I think you can feel lonely when you’re surrounded by a lot of people. My loneliest times were when I was in a dysfunctional relationship, and speaking for women, I think a woman feels most lonely when they don’t have a sense of self. So my work hones in on helping women to know who they are.
The upshot of not knowing yourself is not knowing how to make real decisions, not having a sense of direction or fulfilment, and that leads to a deep sense of loneliness whether you’re busy, whether you’re surrounded by people or not. That relationship with yourself is the starting point for everything.
“When you start downloading what’s in your brain and putting it onto paper, you start developing a sense of honesty with yourself”
How to deal with that is at the core of what I do. It’s complex and personal but there are simple things you can do to help you along the way. I think having a regular spiritual practice is really key to developing a relationship with yourself. Morning and evening rituals can really make a difference, but I think it’s important to find what works for you. Journaling, meditating, yoga – it’s not a question of doing what someone else tells you, but what feels right for you whether it’s everyday or every couple of days.
Journalling is great because when you start downloading what’s in your brain and putting it onto paper, you start developing a sense of honesty with yourself. When it’s all caught and trapped in your head you can’t identity feelings and thoughts because it’s all muddled and looped and we tend to just feel our thoughts. If you don’t identify those feelings, then the tendency is to feel overwhelmed, panicked and maybe even lonely and trapped.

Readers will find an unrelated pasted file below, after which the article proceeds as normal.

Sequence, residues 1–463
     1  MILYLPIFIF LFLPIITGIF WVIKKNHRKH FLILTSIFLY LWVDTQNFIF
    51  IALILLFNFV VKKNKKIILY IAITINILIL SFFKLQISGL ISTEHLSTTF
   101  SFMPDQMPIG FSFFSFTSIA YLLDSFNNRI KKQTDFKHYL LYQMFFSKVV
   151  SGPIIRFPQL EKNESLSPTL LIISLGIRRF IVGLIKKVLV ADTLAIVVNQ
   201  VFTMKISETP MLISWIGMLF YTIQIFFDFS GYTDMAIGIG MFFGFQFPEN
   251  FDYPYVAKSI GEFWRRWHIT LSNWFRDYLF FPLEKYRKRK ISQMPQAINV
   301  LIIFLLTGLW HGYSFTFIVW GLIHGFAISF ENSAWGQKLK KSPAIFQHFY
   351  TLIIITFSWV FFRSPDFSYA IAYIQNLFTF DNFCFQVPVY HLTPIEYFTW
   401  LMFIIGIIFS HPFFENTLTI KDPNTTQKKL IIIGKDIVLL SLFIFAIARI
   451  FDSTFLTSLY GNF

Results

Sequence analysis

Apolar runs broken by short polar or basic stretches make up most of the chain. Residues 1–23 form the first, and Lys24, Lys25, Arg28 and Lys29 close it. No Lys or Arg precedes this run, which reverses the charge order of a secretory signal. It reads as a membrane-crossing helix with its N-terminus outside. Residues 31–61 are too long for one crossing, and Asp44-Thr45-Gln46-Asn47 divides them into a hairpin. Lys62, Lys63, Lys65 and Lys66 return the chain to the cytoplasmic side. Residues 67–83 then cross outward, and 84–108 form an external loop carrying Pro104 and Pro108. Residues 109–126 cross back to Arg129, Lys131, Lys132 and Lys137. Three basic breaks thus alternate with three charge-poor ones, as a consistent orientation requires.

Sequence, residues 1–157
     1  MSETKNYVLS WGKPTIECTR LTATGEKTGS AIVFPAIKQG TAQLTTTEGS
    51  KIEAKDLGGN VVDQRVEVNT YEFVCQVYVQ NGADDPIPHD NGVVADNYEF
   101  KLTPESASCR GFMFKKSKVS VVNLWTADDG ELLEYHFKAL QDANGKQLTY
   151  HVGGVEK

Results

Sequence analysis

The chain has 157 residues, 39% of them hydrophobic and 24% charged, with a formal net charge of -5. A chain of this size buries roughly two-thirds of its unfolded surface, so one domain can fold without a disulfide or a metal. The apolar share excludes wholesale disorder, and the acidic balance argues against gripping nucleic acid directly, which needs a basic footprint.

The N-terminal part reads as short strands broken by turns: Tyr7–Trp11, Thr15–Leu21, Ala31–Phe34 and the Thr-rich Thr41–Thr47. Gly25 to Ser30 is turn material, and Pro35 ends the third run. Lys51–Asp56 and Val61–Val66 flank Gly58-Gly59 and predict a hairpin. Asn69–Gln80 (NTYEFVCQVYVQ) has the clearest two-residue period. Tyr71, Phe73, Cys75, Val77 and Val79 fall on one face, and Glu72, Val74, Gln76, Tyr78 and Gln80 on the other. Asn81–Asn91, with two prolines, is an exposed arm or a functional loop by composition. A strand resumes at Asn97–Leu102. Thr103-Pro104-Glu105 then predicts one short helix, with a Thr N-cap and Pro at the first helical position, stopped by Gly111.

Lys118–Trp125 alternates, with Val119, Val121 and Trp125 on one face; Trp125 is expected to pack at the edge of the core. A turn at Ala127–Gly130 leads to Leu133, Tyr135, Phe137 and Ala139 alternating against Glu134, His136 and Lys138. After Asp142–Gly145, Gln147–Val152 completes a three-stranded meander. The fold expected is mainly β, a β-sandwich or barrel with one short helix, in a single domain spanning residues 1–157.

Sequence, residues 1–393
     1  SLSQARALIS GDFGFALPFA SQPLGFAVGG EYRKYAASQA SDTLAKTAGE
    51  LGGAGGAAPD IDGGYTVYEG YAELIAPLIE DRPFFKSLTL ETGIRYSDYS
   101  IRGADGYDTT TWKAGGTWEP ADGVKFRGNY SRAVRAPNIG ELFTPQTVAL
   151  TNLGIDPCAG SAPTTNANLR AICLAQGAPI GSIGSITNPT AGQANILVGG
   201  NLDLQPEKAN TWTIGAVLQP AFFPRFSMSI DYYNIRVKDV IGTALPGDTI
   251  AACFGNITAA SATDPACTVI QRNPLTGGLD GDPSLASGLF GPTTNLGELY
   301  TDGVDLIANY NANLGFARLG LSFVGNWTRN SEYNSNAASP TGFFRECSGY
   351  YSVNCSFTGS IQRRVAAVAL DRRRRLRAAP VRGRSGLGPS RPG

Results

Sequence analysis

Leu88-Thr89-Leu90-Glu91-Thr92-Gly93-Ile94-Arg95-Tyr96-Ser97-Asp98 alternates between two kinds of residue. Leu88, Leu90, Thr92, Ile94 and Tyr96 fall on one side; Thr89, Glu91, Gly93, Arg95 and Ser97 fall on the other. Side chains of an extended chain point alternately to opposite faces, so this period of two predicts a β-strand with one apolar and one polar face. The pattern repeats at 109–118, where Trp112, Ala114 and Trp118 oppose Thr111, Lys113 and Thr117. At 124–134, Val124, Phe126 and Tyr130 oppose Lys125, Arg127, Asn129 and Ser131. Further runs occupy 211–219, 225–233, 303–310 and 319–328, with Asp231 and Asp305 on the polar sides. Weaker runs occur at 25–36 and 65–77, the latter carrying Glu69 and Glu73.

Meditation can also be really helpful. If you’re starting out for the first time then you can follow guided visualisations – there’s a lot of people out there providing meditations about connecting to your true self – I have one too! Meditation can be a real game changer – just 10 or 15 minutes a day and it gives you a sense that you’re doing something for yourself, which is really helpful in connecting to yourself.
Having a coach is a wonderful thing as well. I have a coach who’s an extremely helpful guide to keep me on track. One of the things she asks is ‘have you performed your morning and evening rituals’. I think this is a really important thing to think about when you’re finding the right routes for you.
“The ‘shoulding’ stops us”
The good girl in us says you ‘should’ do things – you should have your green smoothie, you should journal or you should meditate, but the ‘shoulding’ stops us. Find the things that make you feel good – for me I mentally check in with myself in the morning and feel what I need, whether that’s meditating, going to yoga, going for a run – it doesn’t have to be the same thing everyday. You need to find what’s right for you.
All of us, if we think about it, will know something that we do that makes us feel like time disappears and we’re connected to ourselves. It might be cooking, walking on the beach or painting – I started with journaling when I was 12, and now that I look back on it, it just came naturally. If you give yourself the time to do that regularly it makes you feel good, it’s a relationship for yourself and where that leads is a very exciting thing.